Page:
Would an athlete run a 24-hour marathon without food or drink? Both the athlete and the laboring woman need quick energy from food to maintain their increased cardiac output. Both take more time than usual to digest solid foods but can use oral fluids to keep blood glucose levels up. Hazle has suggested that women in early labor should be encouraged to eat meals similar to the pregame meals of athletic competitors: "high in carbohydrates for quick energy, and fluids for hydration, and low in fats for digestive ease" (1986:174). Such foods, as well as electrolyte-replenishing fruit juices and fluids (such as Recharge, Third Wind, 3 and Gatorade) can be used during active labor (Hazle recommends at least 4 oz. per hour) as long as narcotic analgesia (which slows digestion dramatically) is avoided.
Such evidence and suggestions seem to confront laboring women with a choice: to eat and drink during labor to keep up their strength but stay away from digestion-slowing analgesics, or to utilize pain- relievers, accept the lessening of endurance that comes with fasting during extreme physical exertion, and rely on synthetic labor stimulation should a resultant slowing of labor occur. Such a choice, however, is in practice not usually the woman's to make, as standard policies in most hospitals prohibit her from eating or drinking anything more sustaining than ice chips, tea, or lollipops.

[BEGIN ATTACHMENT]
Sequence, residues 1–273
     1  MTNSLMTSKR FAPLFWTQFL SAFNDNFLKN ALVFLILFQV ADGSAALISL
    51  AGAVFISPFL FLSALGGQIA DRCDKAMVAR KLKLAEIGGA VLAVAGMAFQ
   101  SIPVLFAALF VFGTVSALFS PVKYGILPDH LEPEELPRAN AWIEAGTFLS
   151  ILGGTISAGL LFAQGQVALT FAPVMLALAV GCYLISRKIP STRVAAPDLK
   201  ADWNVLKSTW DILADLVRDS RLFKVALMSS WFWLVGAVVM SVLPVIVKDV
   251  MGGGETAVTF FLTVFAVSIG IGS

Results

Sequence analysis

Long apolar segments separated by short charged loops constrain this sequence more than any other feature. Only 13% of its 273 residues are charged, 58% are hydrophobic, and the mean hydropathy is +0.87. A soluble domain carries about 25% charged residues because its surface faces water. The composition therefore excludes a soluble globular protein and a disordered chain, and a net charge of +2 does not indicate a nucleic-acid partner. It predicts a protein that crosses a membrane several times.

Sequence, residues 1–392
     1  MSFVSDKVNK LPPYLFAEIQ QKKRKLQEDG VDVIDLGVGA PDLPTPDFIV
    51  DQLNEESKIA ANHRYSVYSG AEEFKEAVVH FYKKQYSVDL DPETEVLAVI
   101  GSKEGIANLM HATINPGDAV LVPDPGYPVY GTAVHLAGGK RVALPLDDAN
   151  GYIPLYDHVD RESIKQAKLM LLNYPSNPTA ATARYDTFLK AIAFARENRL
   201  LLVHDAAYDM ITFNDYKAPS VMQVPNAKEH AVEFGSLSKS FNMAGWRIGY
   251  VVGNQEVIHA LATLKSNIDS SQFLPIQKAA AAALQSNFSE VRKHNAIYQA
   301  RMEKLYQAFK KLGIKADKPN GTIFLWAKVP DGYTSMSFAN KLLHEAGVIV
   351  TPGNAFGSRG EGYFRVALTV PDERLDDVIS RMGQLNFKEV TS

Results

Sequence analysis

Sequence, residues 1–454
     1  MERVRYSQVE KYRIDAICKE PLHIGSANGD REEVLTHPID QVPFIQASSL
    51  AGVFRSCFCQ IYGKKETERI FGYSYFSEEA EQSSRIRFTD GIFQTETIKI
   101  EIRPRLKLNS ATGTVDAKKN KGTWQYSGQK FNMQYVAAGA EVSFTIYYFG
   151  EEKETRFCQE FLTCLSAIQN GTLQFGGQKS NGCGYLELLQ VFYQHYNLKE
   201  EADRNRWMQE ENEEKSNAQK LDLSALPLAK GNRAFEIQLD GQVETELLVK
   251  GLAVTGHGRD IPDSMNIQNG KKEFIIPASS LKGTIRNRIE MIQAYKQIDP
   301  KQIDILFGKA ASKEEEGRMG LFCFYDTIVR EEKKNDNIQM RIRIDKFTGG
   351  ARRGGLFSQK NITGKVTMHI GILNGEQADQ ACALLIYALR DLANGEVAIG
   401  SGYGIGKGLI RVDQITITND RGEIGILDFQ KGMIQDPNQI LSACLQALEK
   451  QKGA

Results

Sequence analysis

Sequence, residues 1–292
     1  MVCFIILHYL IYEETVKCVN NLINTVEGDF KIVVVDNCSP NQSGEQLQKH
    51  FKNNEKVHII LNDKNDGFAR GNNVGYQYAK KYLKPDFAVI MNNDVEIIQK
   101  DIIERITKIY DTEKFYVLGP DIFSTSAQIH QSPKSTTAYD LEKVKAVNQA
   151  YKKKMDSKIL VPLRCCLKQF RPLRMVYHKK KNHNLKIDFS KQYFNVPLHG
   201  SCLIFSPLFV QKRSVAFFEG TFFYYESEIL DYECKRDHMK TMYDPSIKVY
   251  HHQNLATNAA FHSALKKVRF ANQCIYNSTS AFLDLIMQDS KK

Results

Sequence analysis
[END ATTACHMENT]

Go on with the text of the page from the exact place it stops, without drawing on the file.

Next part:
Pointing out that "studies of the nutritional needs of laboring women are virtually nonexistent," McKay and Mahan suggest:
Labor is very hard work--perhaps the most prolonged and intense physical exertion that many women ever undertake. We would do well to pay attention to the rapidly emerging field of exercise physiology for new ideas about oral nutrients we might use to maximize the natural progress of labor. Improvement of the mother's nutrition and strength, if done correctly, may have salutory effects on fetal outcome. -1988a:219
After reviewing all recorded cases of actual maternal deaths from aspiration, these authors suggest that the standard NPO policy actually serves to displace preventive efforts onto the mother and to distract clinicians from focusing on the true causes of the few cases of maternal aspiration that do occur: inadequate equipment, faulty practitioner training or technique, and hospital understaffing.
I went into labor just after dawn. I called my OB, and he said not to eat, so I skipped breakfast and went on in to the hospital. By that evening, when things were getting really intense, I was so weak from hunger I thought I would die...it wasn't till I had the epidural that I started to feel like I could make it.
In the responses of individual women to the obstetrical procedures thus far analyzed, we can begin to detect the gradual process of the conceptual fusion of the laboring woman's beliefs with the technocratic model. This process, from beginning to end, will be analyzed in detail for a number of individual women in Chapter 5. Here I will only pause occasionally to point out this process of cognitive transformation as it occurs or is subverted by the women whose responses are included here.